Should you build a website or app?
When speaking to entrepreneurs at the start of their journey, their burning question is always “should I build an app or website for my idea?” Whilst this is understandable given that the number of internet users in the world has now surpassed 4 billion with no signs of slowing down, we find that founders rush into building a website or app. Building a website requires at least 3 components – deciding on your brand name and logo, buying a domain and developing the website. If an agency is involved in building the website, a fairly simple website could range between £2000 to around £20000 depending on the complexity of what is needed.
Once the website is up and running founders then invest in marketing and getting traffic to the site. Only to realise the fundamental reason which became the impetus for the business idea was flawed. However this learning came about after spending some hard earned cash. We see this over and over again. Some extreme cases of people spending two years and tens of thousands of pounds on building the perfect website and app that sadly no one wants to use. So, how can you avoid making the same mistake?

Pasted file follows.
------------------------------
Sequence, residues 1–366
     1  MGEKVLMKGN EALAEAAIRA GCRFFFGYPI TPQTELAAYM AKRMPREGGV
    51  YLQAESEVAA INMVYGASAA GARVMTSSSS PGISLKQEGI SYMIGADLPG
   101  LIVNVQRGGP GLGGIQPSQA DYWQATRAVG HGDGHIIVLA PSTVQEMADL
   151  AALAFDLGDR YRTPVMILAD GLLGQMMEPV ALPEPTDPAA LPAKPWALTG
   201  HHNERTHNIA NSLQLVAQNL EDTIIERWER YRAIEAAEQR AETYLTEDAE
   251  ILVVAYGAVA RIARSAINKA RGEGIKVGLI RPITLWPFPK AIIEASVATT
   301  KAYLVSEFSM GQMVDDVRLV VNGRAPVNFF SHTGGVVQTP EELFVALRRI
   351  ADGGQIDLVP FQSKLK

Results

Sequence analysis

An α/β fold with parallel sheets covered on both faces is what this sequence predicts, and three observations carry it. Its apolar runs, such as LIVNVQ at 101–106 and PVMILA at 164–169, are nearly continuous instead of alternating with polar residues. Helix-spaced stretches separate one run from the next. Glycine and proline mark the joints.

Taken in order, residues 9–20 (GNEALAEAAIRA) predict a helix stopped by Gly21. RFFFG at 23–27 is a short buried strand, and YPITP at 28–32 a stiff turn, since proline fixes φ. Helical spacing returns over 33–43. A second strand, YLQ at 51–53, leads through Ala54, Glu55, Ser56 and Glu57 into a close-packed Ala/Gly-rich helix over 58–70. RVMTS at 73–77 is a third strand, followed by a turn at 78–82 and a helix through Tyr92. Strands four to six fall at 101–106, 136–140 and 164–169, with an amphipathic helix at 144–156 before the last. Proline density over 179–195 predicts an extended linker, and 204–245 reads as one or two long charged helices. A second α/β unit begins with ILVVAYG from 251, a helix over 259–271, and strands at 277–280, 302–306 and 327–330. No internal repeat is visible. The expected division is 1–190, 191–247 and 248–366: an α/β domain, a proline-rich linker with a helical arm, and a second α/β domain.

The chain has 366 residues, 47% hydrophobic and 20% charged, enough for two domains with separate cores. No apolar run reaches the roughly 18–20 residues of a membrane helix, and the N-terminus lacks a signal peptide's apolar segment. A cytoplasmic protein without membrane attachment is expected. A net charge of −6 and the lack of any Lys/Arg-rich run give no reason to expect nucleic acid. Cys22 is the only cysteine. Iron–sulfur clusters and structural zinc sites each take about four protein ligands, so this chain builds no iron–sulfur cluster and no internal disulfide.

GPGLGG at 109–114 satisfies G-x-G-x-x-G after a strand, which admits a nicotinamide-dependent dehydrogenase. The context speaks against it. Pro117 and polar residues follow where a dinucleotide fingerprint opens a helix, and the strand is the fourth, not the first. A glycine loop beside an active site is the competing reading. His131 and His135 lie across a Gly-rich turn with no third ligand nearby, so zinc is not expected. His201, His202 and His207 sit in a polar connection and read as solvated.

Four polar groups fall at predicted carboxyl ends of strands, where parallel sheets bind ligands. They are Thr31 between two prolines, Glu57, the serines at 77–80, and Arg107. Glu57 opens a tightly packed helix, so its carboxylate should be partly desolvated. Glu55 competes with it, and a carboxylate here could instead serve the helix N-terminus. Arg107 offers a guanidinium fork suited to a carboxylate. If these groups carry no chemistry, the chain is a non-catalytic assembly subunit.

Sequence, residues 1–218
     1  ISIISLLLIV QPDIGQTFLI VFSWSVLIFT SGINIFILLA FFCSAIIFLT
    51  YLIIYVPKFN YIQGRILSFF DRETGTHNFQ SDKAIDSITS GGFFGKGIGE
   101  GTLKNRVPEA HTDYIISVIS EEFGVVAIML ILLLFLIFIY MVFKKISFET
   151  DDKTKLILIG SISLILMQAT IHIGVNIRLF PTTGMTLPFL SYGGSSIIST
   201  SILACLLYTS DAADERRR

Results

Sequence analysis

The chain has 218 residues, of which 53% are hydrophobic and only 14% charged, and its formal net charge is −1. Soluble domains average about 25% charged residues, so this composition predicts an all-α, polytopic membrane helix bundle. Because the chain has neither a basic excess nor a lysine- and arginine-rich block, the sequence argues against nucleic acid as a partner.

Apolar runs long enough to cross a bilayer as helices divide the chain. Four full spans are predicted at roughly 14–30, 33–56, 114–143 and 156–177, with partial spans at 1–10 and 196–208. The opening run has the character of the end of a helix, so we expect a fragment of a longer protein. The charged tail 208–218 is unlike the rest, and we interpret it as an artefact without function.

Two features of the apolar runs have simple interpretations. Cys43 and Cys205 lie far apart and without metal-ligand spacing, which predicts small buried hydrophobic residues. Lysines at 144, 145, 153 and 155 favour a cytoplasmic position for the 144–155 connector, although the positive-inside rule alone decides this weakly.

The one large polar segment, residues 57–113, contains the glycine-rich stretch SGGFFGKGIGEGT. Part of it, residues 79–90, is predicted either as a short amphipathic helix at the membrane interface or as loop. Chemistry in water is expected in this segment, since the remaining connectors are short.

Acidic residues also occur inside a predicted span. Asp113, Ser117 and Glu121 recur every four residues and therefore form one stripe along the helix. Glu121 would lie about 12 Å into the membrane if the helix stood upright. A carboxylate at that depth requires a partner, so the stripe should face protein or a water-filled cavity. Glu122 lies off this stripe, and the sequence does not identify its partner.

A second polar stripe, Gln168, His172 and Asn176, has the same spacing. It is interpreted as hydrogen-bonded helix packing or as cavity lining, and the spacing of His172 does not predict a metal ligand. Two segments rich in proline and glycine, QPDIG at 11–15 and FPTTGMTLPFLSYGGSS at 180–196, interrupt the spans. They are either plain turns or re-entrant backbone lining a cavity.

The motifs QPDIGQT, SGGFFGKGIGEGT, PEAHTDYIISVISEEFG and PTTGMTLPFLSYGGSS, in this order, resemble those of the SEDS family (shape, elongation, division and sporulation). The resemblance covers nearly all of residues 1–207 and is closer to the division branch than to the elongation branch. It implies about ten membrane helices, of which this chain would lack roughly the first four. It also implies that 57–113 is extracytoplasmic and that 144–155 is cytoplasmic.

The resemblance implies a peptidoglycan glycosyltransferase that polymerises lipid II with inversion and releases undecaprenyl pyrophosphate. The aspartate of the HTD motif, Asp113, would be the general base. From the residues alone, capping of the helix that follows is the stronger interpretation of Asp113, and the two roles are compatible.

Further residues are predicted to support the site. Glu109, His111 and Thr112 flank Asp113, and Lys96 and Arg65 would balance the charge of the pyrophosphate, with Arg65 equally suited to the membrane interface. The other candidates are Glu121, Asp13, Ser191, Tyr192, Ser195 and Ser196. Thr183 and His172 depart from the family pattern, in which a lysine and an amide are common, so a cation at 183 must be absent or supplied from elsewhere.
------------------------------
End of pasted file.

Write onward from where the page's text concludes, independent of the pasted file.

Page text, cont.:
Don’t Start with a MVP – start with a pre-MVP!
A Minimal Viable Product or an MVP involves building the most basic solution that will solve the problem you are trying to address. It should be one simple thing which can be tested for viability of your idea. I remember when I met Eric Ries, the father of the Lean Startup movement in London. Eric discussed the concept of MVPs and his book the Lean Startup and that is when I realised that there was a way to to test an idea easily, quickly and with minimal cost – essentially a pre-MVP. The how is what I will share here today.
Testing your idea
The essence of the MVP stage is to quickly test, learn and iterate. You are searching for signs that there is demand for your product BEFORE you spend years building and perfecting it.
Sadly we see it all too often. A founder will come up with an idea of a fantastic product or solution that he or she thinks everyone will love. And because of his/her conviction that this product is going to be great, they will be afraid to talk to anyone about what they are building for fear that the person they tell will quickly copy their idea and become wealthy beyond belief. Sorry to burst that bubble, but that is the total opposite of what you need to do in the MVP stage. Before you even get the first version of your product out in front of customers, you should test to see what they think are critical features to include in your first version. So how do you do that? By building a simple landing page.